Much is sometimes made of T. tuan var. chinensis (Szysz.) Rehd. & Wils., for example by Bean (1981). Setting aside any confusion, which might arise between it and the similarly named T. chinensis, we are not convinced that the distinction between it and the nominate var. tuan is of great significance botanically or horticulturally. As originally conceived, it refers to trees with ‘gray tomentose shoots and…densely pubescent winter-buds’ (Rehder & Wilson in Sargent 1916); in other ways it was explicitly claimed not to differ from var. tuan, and Wilson noted the two growing together in the field. Attempts to distinguish a fewer-flowered var. chenmoui (Cheng) Tang (Tang et al. 2007) are not supported by Pigott (2012), who does acknowledge the existence of var. chinensis while making little of it.
A vigorous clone with angular leaves has been widely distributed by European nurseries as Tilia chenmoui, or T. tuan var. chenmoui, and probably originated from material distributed by Donald Pigott himself (Benoit 2006). It is regarded as winter hardy in Belgium by Benoit. This clone is a good choice for anyone wanting to grow a very strikingly distinct lime, and should be given a cultivar name.
Tilia tuan was certainly introduced to Western cultivation as seed collected by Ernest Wilson, although the details remain hazy; Wilson’s records do not always distinguish seed collections from herbarium specimens, numbers were sometimes reused, and the precise origin of material distributed by the Veitch nursery is not always clear. Seed was certainly collected in western Hubei on Wilson’s first expedition, in October 1900 (Wilson for Veitch 926) and on several occasions in later years; Veitch had raised seedlings in the Coombe Wood nursery by 1906 (Veitch 1906). We can trace material reaching wider cultivation at least from W 4449 of 1910 (Arnold Arboretum 2020) and the contemporaneous W 4410, the latter originally identified as T. oliveri but considered to be T. tuan by Keith Rushforth (pers. comm. to O. Johnson).
Beautiful trees, presumably from a Wilson introduction, grow in the lime avenue at Thorp Perrow, Yorkshire (planted in 1936 and 21.5 m, dbh 60 cm in 2014) and in the Royal Botanic Garden Edinburgh (accessioned 1913, 10 m, dbh 37 cm in 2014 – Tree Register 2018). Many English gardeners’ introduction to the species will have been the tree planted in 1933 in Stephanie’s Glade on the Borde Hill estate, West Sussex, which had been obtained from the sale of Vicary Gibbs’ collection at Aldenham in Hertfordshire. This has grown into a lime of unrivalled elegance, 16 m, dbh 46 cm in 2015 (Tree Register 2018); sadly this part of Borde Hill is no longer accessible to the visiting public. A tree from W 4410 used to grow in the Dawyck Botanic Garden in the Scottish Borders, a cold place; Keith Rushforth has taken scion wood from this tree.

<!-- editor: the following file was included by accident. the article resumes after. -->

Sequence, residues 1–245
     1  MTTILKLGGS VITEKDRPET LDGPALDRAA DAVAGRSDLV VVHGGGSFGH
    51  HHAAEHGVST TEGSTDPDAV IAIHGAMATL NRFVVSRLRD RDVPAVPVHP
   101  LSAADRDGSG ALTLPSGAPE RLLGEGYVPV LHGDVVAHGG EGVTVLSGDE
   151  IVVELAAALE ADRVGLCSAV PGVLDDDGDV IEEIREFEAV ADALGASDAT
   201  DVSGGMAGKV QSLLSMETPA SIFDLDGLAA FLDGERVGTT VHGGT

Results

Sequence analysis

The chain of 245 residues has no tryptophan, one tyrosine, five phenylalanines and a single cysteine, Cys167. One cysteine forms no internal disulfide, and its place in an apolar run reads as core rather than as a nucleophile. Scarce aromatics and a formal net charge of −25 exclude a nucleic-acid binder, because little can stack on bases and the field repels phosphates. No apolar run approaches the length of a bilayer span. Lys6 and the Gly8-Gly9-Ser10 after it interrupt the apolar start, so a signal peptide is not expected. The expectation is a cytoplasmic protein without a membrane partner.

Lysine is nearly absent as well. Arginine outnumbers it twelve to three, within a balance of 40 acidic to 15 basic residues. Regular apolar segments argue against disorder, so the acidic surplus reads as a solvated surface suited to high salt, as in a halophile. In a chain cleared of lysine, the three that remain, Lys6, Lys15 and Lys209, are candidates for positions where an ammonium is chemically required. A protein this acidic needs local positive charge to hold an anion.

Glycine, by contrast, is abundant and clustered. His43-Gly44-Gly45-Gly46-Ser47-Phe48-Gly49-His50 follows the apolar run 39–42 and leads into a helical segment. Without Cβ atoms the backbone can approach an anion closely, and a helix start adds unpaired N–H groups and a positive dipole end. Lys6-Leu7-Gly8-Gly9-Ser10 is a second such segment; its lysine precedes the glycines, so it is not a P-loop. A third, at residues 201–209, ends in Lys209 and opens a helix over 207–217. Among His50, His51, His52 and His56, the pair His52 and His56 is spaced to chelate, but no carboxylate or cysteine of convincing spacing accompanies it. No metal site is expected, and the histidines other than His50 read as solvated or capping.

Elsewhere in Europe, specimens are recorded from Gothenburg Botanical Garden (1990 accession, cultivated origin) and from the Botanischer Garten Bonn, Germany (Gothenburg Botanical Garden 2020; Botanische Gärten der Universität Bonn 2020). Despite early introductions of Wilson material to the Arnold Arboretum, T. tuan seems to be extremely rare in North American collections, although there is a truly magnificent old specimen at the Morris Arboretum in Philadelphia, of unknown origin (Grimshaw 2006). Even at the Arnold, there is at the time of writing only a single young tree growing in the arboretum, a 2005 accession from Heng Shan, Hunan (Arnold Arboretum 2020). Future introductions from the southern extremes of the species’ range might find a suitable home in the American southeast.